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Jacquelyn Martin / AP

Intelligence and law enforcement officials just finished making the case to a Senate committee that a key surveillance law should be reauthorized — and made permanent — before it expires at the end of the year.

Why it matters: This battle includes Silicon Valley companies that have pushed for reforms to the law — which allows the government to seek its users' data. Watch for the fight to get more prominent as the expiration date on the law approaches.

The gritty details: The law in question here is Section 702 of the Foreign Intelligence Surveillance Act, which is used to authorize surveillance of electronic communications of foreign nationals located abroad. But privacy advocates say that the law sweeps up the communications of Americans, and have pushed for reforms with support from the tech industry.

Testifying before the Senate Intelligence Committee on Wednesday, Director of National Intelligence Dan Coats said that they wanted a "permanent reauthorization" of the law.

Worth noting: Democrat Ron Wyden, a huge critic of the surveillance appartus, castigated Coats for backing off a pledge at his confirmation hearing to pursue data on how many Americans are caught up in the dragnet created by Section 702. "There were extensive efforts on the parts of NSA to try to get you an appropriate answer," said Coats. "We were not able to do that."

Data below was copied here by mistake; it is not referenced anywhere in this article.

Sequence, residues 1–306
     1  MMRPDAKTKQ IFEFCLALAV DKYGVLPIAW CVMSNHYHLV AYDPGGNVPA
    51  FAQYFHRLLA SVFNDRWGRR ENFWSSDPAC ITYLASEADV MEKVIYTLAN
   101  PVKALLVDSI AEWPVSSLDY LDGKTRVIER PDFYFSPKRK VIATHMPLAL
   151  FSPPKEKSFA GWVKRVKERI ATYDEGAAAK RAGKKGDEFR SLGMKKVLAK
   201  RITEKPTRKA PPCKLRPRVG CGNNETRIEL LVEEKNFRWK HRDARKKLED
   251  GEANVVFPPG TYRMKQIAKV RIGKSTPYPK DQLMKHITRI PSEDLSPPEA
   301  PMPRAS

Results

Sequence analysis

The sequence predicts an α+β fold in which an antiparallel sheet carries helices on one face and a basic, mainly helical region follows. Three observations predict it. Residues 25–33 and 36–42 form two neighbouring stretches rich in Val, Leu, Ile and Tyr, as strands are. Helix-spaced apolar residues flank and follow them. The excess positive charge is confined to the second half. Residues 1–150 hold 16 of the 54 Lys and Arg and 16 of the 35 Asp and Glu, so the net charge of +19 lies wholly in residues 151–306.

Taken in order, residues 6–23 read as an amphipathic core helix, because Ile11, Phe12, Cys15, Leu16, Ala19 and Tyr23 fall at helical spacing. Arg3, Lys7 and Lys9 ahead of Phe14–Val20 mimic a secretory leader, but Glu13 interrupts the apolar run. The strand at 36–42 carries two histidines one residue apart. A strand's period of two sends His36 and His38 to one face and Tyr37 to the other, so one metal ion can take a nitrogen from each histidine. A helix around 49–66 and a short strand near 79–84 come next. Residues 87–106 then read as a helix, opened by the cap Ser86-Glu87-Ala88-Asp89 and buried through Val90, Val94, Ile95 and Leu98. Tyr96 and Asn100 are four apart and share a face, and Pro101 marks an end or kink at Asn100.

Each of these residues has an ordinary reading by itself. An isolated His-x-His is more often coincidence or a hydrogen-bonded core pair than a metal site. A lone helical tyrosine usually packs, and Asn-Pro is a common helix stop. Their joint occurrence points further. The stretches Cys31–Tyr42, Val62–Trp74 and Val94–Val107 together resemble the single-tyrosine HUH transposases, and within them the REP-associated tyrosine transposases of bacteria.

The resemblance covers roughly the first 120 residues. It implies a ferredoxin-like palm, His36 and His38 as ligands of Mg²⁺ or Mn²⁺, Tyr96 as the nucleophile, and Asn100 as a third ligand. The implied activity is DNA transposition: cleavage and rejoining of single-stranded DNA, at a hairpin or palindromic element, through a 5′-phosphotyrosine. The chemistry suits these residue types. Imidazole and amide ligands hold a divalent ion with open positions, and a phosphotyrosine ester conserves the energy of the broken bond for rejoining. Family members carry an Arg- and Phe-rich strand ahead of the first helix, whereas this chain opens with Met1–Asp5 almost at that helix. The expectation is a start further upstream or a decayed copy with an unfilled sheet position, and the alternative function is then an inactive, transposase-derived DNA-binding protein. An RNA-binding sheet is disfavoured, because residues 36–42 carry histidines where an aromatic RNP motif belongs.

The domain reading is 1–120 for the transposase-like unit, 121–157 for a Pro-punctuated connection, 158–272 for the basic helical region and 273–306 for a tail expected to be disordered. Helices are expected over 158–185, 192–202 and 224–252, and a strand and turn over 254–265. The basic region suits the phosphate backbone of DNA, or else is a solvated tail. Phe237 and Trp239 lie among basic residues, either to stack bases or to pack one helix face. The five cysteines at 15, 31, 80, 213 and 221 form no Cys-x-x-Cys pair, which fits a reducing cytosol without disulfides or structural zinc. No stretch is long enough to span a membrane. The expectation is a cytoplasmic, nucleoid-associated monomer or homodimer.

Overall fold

Go deeper: The hearing, while technically about surveillance, was also a venue for lawmakers to question the officials about alleged interference on the part of the White House in an investigation into the ties between the Trump campaign and Russia. Axios' Alayna Treene has more on their refusal to answer those questions in public here.

Go deeper

Updated 1 hour ago - Politics & Policy

Coronavirus dashboard

Illustration: Annelise Capossela/Axios

  1. Health: CDC director defends agency's response to pandemic — CDC warns highly transmissible coronavirus variant could become dominant in U.S. in March.
  2. Politics: Empire State Building among hundreds to light up in Biden inauguration coronavirus tribute.
  3. Vaccine: Fauci: 100 million doses in 100 days is "absolutely" doable.
  4. Economy: Unemployment filings explode again.
  5. Tech: Kids' screen time sees a big increase.

Biden Cabinet confirmation schedule: When to watch hearings

Joe Biden and Kamala Harris on Jan. 16 in Wilmington, Delaware. Photo: Angela Weiss/AFP via Getty Images

The first hearings for President-elect Joe Biden's Cabinet nominations begin on Tuesday, with testimony from his picks to lead the departments of State, Homeland and Defense.

Why it matters: It's been a slow start for a process that usually takes place days or weeks earlier for incoming presidents. The first slate of nominees will appear on Tuesday before a Republican-controlled Senate, but that will change once the new Democratic senators-elect from Georgia are sworn in.

Kamala Harris resigns from Senate seat ahead of inauguration

Vice President-elect Kamala Harris. Photo: Mason Trinca/Getty Images

Vice President-elect Kamala Harris submitted her resignation from her seat in the U.S. Senate on Monday, two days before she will be sworn into her new role.

What's next: California Gov. Gavin Newsom has selected California Secretary of State Alex Padilla to serve out the rest of Harris' term, which ends in 2022.